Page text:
Field of Science

Sunday Protist - Assorted oddballs

As I scramble to finish a chapter before my supervisor notices his hiring mistake, instead of writing out a mini-review paper about a single group of sorts, I'll use the opportunity to point out a few of the oddballs I've accumulated lately. Many of them have just a single paper, or a passing mention and a reference to a paper I can't get easily (and that would likely be in some language I can't read to begin with...), and thus they don't really make good weekly protists by themselves. But yet, many are too cool to ignore mentioning.

Our first exhibit is a peculiar association between a coccolithophorid haptophyte (small phytoplankton), Reticulofenestra sessilis, and a centric diatom, Thalassiosira sp.:

The thing in the centre is the centric diatom. The scaley things around are the coccoliths, or calcified scales, of the haptophytes Reticulofenestra clustering around it. The exact nature of this relationship is unknown, though presumably beneficial for the haptophyte, as R.sesslis is found almost exclusively attached to diatoms. Image by from; original citation - Gaarder & Hasle 1962 Nyü Mag Bot (which doesn't exist online *gasp*)

Speaking of haptophytes, here's another cool-looking one. There is quite a bit to say about haptophytes overall, just too lazy to do it right now. There is a post in the making though...
Umbellosphaera. The things on the surface are its coccoliths, of which each individual is intricately crafted into a chanterelle/trumped-like shape. SEM on the left from a nice image repository/course supplement by Isao Inouye from U Tsukuba, one of the Meccas of protistology. (Website is in Japanese, unfortunately for [most of?] us. I really need to learn Japanese someday...) Image of single coccolith on the right from

Now for an obligatory ciliate. Trichodina is a cute little peritrich (group that includes the coiled-stemmed-trumpet Vorticella) that deserves more attention than just a pretty picture, but its looks can't wait to be exposed. Both the top and bottom sides have cilia, and the creature is like a miniature robotic vacuum cleaner, vacuuming the fish gills (or other substrates, like jellyfish) of bacteria and various other prey that accumulate there. In doing so, it causes fish disease, but the cute lil' thing didn't mean to!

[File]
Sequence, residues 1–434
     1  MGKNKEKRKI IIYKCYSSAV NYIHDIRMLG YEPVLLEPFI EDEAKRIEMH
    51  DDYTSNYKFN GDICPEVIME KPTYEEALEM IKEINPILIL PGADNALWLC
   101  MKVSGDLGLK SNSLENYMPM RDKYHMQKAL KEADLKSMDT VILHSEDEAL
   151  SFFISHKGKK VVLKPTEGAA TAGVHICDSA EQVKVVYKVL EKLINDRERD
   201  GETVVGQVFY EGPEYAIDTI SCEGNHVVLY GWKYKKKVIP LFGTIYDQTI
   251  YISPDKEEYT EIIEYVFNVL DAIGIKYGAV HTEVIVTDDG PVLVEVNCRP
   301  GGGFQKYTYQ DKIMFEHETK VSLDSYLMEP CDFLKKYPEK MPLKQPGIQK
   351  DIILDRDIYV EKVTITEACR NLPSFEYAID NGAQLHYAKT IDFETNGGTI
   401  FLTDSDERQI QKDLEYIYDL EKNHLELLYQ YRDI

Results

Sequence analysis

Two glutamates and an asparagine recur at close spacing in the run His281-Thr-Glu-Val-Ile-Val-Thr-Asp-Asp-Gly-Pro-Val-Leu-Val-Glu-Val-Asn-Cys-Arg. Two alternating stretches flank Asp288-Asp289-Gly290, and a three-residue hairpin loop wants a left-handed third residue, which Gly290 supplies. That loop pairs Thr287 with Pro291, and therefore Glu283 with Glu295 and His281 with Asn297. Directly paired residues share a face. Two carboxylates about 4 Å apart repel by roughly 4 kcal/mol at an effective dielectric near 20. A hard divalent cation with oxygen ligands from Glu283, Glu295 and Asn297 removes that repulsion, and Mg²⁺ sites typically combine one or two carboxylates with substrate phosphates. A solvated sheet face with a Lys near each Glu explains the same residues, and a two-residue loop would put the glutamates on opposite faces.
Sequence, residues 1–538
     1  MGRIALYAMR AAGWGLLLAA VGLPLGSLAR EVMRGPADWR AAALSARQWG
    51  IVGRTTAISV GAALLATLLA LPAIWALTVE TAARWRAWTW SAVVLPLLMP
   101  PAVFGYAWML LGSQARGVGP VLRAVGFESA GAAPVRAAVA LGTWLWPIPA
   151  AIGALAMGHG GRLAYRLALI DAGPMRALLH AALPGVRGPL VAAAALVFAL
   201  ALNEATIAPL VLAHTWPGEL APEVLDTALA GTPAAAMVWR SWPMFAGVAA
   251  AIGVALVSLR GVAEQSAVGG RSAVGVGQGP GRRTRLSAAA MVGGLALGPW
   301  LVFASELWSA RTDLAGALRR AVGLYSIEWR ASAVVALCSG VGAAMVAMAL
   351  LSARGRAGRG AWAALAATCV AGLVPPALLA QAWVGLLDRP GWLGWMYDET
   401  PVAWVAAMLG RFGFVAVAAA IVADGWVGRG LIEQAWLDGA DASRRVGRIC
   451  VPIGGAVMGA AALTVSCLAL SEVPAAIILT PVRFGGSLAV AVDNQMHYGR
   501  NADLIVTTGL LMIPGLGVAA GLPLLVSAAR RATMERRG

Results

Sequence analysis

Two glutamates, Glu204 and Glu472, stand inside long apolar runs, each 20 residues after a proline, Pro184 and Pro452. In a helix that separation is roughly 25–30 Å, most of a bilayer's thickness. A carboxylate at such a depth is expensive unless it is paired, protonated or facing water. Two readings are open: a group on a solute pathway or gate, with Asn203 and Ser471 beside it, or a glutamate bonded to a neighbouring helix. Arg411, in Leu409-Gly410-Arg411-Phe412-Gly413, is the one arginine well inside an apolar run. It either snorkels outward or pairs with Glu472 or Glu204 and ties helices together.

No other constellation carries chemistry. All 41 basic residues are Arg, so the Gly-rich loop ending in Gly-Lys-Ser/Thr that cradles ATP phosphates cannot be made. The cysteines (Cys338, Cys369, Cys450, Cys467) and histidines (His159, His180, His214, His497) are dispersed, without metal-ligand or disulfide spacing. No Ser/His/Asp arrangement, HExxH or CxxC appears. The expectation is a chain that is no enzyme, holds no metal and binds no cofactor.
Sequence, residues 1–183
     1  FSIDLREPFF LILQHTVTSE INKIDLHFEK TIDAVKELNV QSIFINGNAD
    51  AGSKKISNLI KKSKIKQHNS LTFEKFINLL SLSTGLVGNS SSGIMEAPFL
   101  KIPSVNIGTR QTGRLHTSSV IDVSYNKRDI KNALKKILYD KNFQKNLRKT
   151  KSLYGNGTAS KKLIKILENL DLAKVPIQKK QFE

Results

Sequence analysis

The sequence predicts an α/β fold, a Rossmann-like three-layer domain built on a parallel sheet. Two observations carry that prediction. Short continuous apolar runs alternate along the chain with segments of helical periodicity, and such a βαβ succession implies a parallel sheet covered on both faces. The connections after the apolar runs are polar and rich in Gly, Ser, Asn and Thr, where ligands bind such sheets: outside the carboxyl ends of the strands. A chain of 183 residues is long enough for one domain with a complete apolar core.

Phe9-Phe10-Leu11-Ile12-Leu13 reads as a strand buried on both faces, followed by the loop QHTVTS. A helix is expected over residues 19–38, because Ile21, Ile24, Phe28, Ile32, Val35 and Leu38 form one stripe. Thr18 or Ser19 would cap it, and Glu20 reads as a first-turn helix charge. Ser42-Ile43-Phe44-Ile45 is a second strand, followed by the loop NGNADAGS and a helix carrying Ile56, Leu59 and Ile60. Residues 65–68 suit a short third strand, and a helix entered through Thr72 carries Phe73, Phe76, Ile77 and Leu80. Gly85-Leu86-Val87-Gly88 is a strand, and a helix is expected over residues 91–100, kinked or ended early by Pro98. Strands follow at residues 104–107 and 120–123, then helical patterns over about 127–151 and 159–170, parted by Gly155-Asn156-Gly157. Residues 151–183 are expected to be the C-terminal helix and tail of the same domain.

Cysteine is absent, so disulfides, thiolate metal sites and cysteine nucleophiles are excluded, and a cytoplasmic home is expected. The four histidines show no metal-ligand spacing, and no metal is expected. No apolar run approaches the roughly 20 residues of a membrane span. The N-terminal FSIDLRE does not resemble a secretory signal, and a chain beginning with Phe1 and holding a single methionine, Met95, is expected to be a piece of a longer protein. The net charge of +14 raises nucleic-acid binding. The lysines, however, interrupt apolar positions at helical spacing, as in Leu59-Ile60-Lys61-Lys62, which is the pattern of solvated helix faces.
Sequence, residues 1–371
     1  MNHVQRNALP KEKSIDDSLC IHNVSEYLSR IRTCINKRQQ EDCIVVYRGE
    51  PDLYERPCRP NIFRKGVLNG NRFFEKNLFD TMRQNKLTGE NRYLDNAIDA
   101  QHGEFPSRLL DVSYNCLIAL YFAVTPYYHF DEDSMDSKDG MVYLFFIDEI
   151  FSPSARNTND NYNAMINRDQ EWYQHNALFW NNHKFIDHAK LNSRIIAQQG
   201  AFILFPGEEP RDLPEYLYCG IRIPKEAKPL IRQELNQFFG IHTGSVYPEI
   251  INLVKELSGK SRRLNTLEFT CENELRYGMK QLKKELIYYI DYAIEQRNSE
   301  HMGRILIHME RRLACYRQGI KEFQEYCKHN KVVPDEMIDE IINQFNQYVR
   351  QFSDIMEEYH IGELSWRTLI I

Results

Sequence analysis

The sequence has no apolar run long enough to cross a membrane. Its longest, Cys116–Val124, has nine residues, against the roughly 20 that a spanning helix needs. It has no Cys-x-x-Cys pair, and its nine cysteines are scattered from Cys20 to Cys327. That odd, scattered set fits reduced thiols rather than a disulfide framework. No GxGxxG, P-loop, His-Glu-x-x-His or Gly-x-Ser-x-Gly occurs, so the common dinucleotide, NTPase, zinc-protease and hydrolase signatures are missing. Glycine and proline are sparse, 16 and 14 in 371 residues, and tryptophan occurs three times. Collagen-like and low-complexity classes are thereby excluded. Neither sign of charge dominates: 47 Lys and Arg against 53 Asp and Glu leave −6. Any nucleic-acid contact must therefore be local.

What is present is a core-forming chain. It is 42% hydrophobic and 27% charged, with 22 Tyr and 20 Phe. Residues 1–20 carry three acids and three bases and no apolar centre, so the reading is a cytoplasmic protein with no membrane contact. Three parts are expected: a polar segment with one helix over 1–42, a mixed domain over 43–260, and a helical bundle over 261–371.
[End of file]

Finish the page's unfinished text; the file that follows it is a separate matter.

Left: Trichodina 'vacuuming' fish gills (source). Middle: DIC image of the Trichodina 'sucker' (surprisingly from National Geographic, of all places). Right: Drawing of the ciliate. (HJ Clark 1866 Am J Sci) Will surely come back to it someday!

And last for today, this little critter is absolutely adorable. There's actually quite a bit to say about it, but I'm not gonna do it because some other blogger is far more qualified to write it up. Perhaps after the conference season calms down a little, said blogger could share their wonderful stories with us...
Apusomonas proboscidea. To paraphrase Opisthokont, 'cute Apusomonas' would be redundant. You see that little protrusion at the top? It wiggles 'spastically' as the critter crawls forward along its flagellum. If you're really keen check out the movies in this recent paper on apusomonads (TC-S alert!). Left: Karpov & Myl'nikov 1989 Zoologicheskiy Zhurnal (in Russ.) Right: Flemming Ekelund at ToLWeb (Apusomonas is really tiny...)

That's it for today. Am going out of town until middle of next week, will likely lack internet (eeek, how will I live?!), so if comments are mysteriously ignored, that's why.


  1. Gaarder & Hasle 1962 Nyü Mag Bot (which doesn't exist online *gasp*)

    Nytt Magasin for Botanik was merged with several other Scandinavian journals to form the Nordic Journal of Botany. This happened in 1981. I wouldn't be surprised to find that the UBC Libraries had it somewhere in (*gasp*) paper form.


  2. Apparently we do actually have it in the library. I somehow failed to figure out the spelling but found it via Nordic J Bot, thanks to you! =D

    It was a short and not overly conclusive article. They argue that the haptophyte accumulation may well be accidental, as it occurs in warm waters where both the centric diatoms and the haptos (esp. E.huxleyii) are in high concentrations...

    Print articles are fine except that the library doesn't allow checking them out, so you have to *gasp* photocopy stuff. Takes a while to dig out faint memories of how to use one of those ancient relics of the past... =P

    (meanwhile, the library saw nothing wrong with checking out out-of-print Saville-Kent 1880 Manual of the Infusoria by some random undergrad...)


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